Is Bill Belichick moving the Patriots away from the 3-4 defense? The buzz in Boston is that they are. Here’s a video clip of Richard Seymour talking about it and excerpts of a Q&A Seymour did with the Boston Globe’s Reiss’s Pieces blog:
4-3 vs. 3-4 defense
“. . . .We have the versatility to play in a lot of different fronts, a lot of different packages, whatever is going to give our team the edge. You know, the offense always knows where the play is going and the snap count, so if we can do some different things on defense to help us out in that process, whether it’s the 3-4 or the 4-3, whatever can give us the best chance to win.” . . . .
Does the 4-3 allow him to stand out as a pass rusher?
“It depends on what we’re executing. It isn’t always about sacks, [that)] can be overrated. It’s about getting pressure on the passer, taking care of your responsibilities first. There’s a time and a place for everything. If it calls for us to penetrate, get in the backfield, then that’s what we’ll do. But sometimes we’ll 2-gap, when playing 4-3 front as well. Some teams have different philosophies, where it’s a 1-gap defense, but we still 2-gap and everybody is responsible for two gaps.”
It’s way too early to tell anything firm (I haven’t even been able to watch the Pats this year yet!), but a few points to remember. One, this is not necessarily a huge change in philosophy. Nick Saban, a Belichick protege, has managed to cycle between being a 4-3 and 3-4 guy as his personnel has dictated, without a lot of changes. Second, a big move these days is the rise of the 4-3 “under” look, where the backside defensive end is some kind of “hybrid” guy who can play either outside linebacker or defensive end. That way a team like the Patriots could still basically play with their usual three linemen — Seymour, Wilfork, and Warren — and the hybrid guy could move seamlessly between being a true 4-3 defensive end or an outside linebacker.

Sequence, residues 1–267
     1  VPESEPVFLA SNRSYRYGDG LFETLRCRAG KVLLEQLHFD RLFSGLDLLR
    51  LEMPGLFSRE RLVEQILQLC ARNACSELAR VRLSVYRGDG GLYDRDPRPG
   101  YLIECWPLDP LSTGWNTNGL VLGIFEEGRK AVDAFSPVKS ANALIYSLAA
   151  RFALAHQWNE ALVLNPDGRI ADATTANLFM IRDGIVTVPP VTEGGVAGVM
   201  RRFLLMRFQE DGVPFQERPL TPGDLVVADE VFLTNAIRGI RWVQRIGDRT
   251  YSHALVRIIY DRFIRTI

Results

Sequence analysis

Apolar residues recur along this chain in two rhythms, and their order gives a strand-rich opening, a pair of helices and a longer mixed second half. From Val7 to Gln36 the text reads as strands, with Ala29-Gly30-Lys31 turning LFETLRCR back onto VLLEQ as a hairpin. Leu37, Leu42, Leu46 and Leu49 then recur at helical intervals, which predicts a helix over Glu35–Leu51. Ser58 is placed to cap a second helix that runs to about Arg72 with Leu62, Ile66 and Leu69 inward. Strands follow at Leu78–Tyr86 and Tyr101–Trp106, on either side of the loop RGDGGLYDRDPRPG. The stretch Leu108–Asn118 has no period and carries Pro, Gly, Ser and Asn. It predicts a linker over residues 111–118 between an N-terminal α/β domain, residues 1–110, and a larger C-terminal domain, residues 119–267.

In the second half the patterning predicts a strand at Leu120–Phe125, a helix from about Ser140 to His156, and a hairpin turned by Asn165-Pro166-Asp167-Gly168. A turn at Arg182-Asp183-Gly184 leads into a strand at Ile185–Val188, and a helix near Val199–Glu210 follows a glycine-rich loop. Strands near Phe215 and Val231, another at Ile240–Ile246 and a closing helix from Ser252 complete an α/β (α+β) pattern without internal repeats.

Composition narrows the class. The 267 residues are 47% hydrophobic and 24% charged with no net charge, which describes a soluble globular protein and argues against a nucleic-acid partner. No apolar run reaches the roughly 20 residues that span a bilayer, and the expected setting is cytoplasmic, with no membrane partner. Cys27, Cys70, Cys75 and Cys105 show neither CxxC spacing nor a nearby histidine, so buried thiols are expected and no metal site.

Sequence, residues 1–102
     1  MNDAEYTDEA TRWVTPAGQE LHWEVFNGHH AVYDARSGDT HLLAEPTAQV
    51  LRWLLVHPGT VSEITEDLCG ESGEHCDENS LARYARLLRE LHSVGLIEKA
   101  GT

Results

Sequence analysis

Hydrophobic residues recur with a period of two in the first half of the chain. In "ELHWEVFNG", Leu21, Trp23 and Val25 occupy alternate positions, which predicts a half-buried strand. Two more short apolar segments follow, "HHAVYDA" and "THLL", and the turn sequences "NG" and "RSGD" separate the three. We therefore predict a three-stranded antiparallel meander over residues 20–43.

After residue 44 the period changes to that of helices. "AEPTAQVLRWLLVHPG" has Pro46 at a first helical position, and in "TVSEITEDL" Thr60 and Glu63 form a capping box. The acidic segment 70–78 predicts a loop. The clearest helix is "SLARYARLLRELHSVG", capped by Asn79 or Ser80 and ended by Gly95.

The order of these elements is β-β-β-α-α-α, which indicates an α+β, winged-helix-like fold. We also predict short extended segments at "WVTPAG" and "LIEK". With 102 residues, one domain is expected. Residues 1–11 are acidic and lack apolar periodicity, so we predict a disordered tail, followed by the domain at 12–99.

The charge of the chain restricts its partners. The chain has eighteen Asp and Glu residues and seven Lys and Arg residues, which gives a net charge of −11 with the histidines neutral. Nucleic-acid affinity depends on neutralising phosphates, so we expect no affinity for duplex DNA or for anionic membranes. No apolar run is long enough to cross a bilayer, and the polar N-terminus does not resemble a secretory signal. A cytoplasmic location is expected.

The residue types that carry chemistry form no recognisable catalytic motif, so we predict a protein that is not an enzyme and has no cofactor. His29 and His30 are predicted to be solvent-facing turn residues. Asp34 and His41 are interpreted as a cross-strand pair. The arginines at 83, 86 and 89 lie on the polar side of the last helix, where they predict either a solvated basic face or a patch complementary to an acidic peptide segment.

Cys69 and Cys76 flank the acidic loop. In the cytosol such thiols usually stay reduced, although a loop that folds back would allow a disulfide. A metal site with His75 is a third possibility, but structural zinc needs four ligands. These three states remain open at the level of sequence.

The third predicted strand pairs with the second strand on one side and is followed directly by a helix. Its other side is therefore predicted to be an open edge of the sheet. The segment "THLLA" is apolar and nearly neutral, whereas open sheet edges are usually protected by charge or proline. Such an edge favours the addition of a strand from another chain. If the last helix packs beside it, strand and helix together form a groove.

Indeed, in the diagram above of a zone-blitz he drops off. Is he a linemen dropping back, or an outside linebacker? It honestly doesn’t matter too much.
The other thing Seymour mentioned was the use of one-gap or two-gap principles. Most 4-3 teams consider themselves “one-gap” teams, meaning each guy steps to a gap. A lot of 3-4 teams consider themselves two-gap, which means that, say, a nose guard is responsible for the gap to either side of him. In practice they still will play a one-gap because they will step where the linemen are, but this is an important thing when designing a defense and dictating the angles of the linebackers and safeties when they play run. It sounds to me though that Belichick is comfortable moving between the two somewhat, maybe even on the same look. The old 46 defense that Buddy Ryan used with the Chicago Bears was a one-gap defense where the nose guard was responsible for two gaps. It can be adjusted.
Which leads me to believe that Belichick is primarily just looking for more tools in his belt to be able to throw at people later. The offense should be in solid shape, while the defense saw a fair amount of attrition combined with an influx of new guys that will need to be fit in there, somewhere. It will be interesting to watch, for sure.
Hat tip: PatsPropaganda.